Her first concert as a spectator may not be entirely what you'd expect. "It may actually have been Joan Baez. I'm trying desperately to remember. She came to sing in Llandudno when I was little, and mum took me to see her. Band-wise, I'm going to get some stick for this... but it was Red Hot Chili Peppers at V Festival. My friend and I made a pilgrimage, we were 14! Anthony Kiedis' abs were a sinister and irresistible force in those days."

Her humble beginnings had parental driving forces. "Our house was always filled with music. My mother used to play me Joan Baez and Melanie Safka records when I was very young... and this amazing Persian singer called Shusha... and Dylan's Street Legal - I remember hearing that one! My father was obsessed with Welsh and Scottish folk music. Lots of Americana, too." It would eventually be those Welsh and Scottish folk influences that really took hold, leading her to create the stunning bouts of bucolic folk, drenched in quaint emotion and glistening pop hooks. Though heartily inspired by a range of sounds, she was a relatively late bloomer in terms of composing. "I started learning the harp when I was about 7, and I always sang and played piano. I was obsessed with music. But it never quite occurred to me that I could write my own music until I was in my late teens. I remember hearing Aimee Mann for the first time, and thinking: she's making a living from writing songs, maybe I could give it a go!"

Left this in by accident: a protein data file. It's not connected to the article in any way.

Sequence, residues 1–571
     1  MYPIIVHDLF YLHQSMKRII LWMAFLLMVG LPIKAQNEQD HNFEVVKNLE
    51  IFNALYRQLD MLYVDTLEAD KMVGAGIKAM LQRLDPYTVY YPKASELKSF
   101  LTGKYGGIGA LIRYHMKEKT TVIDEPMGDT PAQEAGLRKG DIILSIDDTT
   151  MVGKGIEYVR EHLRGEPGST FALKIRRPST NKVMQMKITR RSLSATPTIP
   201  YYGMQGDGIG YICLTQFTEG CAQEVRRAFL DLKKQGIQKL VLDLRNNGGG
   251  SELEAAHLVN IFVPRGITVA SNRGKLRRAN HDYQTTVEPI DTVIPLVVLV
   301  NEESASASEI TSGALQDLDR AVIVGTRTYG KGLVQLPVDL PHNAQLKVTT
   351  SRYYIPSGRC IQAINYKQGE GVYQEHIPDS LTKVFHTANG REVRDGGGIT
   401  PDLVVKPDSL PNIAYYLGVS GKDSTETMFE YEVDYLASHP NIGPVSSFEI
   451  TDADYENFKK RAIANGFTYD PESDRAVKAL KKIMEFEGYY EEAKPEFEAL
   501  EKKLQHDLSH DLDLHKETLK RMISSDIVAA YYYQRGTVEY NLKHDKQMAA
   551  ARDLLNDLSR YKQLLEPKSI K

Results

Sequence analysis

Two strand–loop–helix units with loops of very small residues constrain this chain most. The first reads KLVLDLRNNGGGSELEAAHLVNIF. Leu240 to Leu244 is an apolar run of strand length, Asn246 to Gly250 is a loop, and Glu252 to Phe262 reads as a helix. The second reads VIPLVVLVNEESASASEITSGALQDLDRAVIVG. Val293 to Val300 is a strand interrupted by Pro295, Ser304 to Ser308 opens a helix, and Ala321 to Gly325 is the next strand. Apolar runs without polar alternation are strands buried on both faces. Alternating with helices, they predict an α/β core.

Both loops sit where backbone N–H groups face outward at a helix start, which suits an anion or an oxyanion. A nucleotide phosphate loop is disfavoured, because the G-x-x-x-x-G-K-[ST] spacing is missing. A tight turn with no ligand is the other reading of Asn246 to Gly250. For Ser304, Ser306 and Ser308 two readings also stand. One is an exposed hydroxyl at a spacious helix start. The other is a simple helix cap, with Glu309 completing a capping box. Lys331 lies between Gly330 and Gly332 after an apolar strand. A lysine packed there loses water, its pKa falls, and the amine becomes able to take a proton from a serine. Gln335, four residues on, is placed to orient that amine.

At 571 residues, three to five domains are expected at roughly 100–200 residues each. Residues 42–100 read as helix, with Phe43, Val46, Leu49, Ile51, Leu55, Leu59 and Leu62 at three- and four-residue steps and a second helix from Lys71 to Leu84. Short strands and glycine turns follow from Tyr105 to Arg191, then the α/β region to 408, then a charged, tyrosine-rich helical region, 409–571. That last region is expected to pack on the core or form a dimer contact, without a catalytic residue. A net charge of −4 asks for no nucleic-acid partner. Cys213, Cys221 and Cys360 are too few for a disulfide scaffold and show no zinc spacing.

That thirst for music has never ceased for Ruth, and she's still absorbing all manner of contemporary music. "Bill Callahan is my hero at the moment. He can do no wrong as far as I'm concerned! I love Angel Olsen's voice. The War on Drugs, St Vincent, and A. A. Bondy (I cover one of his songs on the album). Cat Power too. There are some really exciting welsh-language bands in Wales at the moment: Cowbois Rhos Botwnnog, Sen Segur, Trwbador." Although primarily steeped in audio roots, her music is also given a poetic hue. "I studied English literature at university, so I'm sure that some of the poetry and books I read seep through into the music eventually. I love R.S. Thomas' poetry, Frank O'Hara too. There's that sense of melancholy that they have, but it's always balanced with a sense of humour, the self-deprecation that stops the work from being maudlin and self-indulgent."

Georgia Ruth has wowed crowds worldwide with her deft, skilful power over the harp. She's crafting intelligent folk-pop songs with jazz and indie influences, and Week Of Pines is set to be a spine-tingling selection of angelic cuts that are both ethereal and thickly layered with emotion. With a repertoire as golden as hers and a unique selling point to set her apart from the mountains of one-man-and-his-guitar folk, she's going to have no problem leading an invasion of the zeitgeist. The year ahead may be riddled with rain for many, but the skies ahead are crystal clear for Georgia Ruth.


Week of Pines is released on May 20th via Gwymon Records. For more details, head to georgiaruthmusic.co.uk.